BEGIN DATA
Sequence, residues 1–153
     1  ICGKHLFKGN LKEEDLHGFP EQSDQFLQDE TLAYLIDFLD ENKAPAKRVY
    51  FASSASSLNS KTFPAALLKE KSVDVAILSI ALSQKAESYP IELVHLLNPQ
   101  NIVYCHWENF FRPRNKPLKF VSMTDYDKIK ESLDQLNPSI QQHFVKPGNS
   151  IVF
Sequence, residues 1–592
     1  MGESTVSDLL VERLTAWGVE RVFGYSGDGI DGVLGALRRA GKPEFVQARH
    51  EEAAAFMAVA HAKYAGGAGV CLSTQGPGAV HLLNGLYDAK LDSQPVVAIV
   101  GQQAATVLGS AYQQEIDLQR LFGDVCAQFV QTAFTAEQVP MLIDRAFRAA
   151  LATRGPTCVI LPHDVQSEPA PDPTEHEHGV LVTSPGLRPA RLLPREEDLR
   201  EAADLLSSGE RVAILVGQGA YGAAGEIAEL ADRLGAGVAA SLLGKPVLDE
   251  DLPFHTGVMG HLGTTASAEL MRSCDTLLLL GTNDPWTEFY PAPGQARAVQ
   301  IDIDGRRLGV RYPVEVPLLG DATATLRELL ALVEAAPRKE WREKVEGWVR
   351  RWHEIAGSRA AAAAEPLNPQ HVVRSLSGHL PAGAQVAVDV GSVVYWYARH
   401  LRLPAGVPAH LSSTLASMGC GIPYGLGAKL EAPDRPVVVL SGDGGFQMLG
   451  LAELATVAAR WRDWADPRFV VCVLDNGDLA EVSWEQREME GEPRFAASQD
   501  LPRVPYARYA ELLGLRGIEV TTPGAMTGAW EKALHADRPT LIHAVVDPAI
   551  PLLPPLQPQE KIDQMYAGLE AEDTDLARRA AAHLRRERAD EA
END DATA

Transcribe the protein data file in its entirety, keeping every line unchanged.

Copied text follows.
Sequence, residues 1–153
     1  ICGKHLFKGN LKEEDLHGFP EQSDQFLQDE TLAYLIDFLD ENKAPAKRVY
    51  FASSASSLNS KTFPAALLKE KSVDVAILSI ALSQKAESYP IELVHLLNPQ
   101  NIVYCHWENF FRPRNKPLKF VSMTDYDKIK ESLDQLNPSI QQHFVKPGNS
   151  IVF
Sequence, residues 1–592
     1  MGESTVSDLL VERLTAWGVE RVFGYSGDGI DGVLGALRRA GKPEFVQARH
    51  EEAAAFMAVA HAKYAGGAGV CLSTQGPGAV HLLNGLYDAK LDSQPVVAIV
   101  GQQAATVLGS AYQQEIDLQR LFGDVCAQFV QTAFTAEQVP MLIDRAFRAA
   151  LATRGPTCVI LPHDVQSEPA PDPTEHEHGV LVTSPGLRPA RLLPREEDLR
   201  EAADLLSSGE RVAILVGQGA YGAAGEIAEL ADRLGAGVAA SLLGKPVLDE
   251  DLPFHTGVMG HLGTTASAEL MRSCDTLLLL GTNDPWTEFY PAPGQARAVQ
   301  IDIDGRRLGV RYPVEVPLLG DATATLRELL ALVEAAPRKE WREKVEGWVR
   351  RWHEIAGSRA AAAAEPLNPQ HVVRSLSGHL PAGAQVAVDV GSVVYWYARH
   401  LRLPAGVPAH LSSTLASMGC GIPYGLGAKL EAPDRPVVVL SGDGGFQMLG
   451  LAELATVAAR WRDWADPRFV VCVLDNGDLA EVSWEQREME GEPRFAASQD
   501  LPRVPYARYA ELLGLRGIEV TTPGAMTGAW EKALHADRPT LIHAVVDPAI
   551  PLLPPLQPQE KIDQMYAGLE AEDTDLARRA AAHLRRERAD EA